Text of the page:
The defamatory potential of ad hominem criticism: guidance for advocacy in public forums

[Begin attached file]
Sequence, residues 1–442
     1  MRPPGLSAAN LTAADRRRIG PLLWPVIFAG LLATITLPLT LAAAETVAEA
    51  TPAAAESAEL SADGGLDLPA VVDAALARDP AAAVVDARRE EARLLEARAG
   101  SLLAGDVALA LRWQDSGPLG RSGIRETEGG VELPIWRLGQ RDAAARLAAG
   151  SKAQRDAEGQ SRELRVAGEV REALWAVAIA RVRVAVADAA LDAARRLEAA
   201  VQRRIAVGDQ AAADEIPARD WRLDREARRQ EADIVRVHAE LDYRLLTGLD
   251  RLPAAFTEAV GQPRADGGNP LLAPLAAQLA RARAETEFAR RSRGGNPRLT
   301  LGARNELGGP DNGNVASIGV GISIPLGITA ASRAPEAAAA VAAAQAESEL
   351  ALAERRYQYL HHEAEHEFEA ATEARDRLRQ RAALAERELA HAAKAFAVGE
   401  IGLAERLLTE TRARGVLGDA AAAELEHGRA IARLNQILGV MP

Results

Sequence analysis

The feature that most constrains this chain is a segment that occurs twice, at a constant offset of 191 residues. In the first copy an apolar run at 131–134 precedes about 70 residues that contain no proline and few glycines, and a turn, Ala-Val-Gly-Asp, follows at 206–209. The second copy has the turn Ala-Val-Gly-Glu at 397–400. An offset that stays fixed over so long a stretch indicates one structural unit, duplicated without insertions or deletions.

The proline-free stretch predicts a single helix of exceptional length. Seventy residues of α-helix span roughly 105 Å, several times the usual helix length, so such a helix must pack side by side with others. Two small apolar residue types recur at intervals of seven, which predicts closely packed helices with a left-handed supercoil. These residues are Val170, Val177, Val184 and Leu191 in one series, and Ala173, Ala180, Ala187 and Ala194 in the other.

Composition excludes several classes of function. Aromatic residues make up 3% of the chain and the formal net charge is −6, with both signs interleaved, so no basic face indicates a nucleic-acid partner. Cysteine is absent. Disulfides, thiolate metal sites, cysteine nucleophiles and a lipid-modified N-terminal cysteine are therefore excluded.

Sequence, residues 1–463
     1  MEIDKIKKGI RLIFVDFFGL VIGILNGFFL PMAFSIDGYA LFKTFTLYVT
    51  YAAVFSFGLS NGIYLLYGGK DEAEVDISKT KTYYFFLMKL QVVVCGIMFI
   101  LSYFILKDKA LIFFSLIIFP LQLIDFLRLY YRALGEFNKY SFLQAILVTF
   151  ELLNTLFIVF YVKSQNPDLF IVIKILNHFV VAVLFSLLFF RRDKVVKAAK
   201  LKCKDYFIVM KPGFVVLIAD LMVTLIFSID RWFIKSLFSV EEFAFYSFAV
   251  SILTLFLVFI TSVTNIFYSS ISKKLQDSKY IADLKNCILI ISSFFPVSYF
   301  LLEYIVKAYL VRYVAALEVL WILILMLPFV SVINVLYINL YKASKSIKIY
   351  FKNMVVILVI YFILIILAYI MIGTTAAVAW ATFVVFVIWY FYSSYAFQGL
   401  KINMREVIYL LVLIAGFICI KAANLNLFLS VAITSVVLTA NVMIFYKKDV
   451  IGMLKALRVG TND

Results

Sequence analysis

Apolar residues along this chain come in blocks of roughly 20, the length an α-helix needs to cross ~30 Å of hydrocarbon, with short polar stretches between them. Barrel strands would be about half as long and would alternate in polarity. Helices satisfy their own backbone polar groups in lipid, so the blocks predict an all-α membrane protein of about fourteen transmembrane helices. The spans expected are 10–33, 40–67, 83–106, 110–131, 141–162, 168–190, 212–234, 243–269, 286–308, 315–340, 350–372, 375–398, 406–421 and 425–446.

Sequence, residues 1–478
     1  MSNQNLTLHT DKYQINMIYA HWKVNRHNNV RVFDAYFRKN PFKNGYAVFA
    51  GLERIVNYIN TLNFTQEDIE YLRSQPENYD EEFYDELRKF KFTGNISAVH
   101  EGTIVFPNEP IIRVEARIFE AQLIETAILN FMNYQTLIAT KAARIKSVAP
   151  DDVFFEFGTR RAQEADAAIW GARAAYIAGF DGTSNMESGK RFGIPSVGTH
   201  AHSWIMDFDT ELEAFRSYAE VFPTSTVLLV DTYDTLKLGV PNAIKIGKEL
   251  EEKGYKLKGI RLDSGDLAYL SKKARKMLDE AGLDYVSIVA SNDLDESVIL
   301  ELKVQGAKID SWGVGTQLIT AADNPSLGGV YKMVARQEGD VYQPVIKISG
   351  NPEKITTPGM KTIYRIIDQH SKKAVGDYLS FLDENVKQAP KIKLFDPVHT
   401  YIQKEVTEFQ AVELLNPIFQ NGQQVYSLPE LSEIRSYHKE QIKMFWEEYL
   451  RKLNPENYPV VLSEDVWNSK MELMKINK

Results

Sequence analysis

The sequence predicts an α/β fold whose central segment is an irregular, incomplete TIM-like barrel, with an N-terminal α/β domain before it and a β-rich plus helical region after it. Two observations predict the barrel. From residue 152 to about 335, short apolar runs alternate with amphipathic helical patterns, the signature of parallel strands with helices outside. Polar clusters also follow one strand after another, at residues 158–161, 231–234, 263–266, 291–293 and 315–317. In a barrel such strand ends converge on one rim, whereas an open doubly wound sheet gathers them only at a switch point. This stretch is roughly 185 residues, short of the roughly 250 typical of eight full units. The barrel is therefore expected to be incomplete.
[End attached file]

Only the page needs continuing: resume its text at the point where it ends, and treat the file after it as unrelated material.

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Ad hominem criticism seeks to discredit an argument by attacking the qualities of the arguer, rather than the merits of the argument. Although there are compelling reasons to avoid ad hominem criticism, it may sometimes be appropriate as a means of responding to ‘expert’ arguments advanced in public forums. However, conservation biologists should evaluate the defamatory potential of any proposed ad hominem criticism and consider whether the criticism: (1) impugns a person’s reputation in a trade, profession or business; (2) has a factual grounding that is based on evidence that could be used in court; and (3) is better formulated as a statement of opinion than as a statement of fact. From a defamation perspective, the purpose and context for an ad hominem criticism is critical and conservation biologists should always consider whether, if viewed objectively, their conduct in making the criticism would be assessed as fair-minded, reasonable, and supportive of debate over an issue of public interest. Isolated and unsupported ad hominem remarks should not be made. Conservation biologists should also be aware that there are circumstances in which critiques of the methods, analyses, logical approaches, and conclusions of an expert could be said to be defamatory of that person, but that courts also recognise the importance of scientific debate. Conservation biologists should carefully consider the wording of any proposed ad hominem criticism, particularly in terms of the precise facts to be alleged and the particular evaluative words or phrases to be applied, and should also ensure that the criticism has a proper purpose, is well supported, and clearly distinguishes between comments that express an opinion and those that state a fact.
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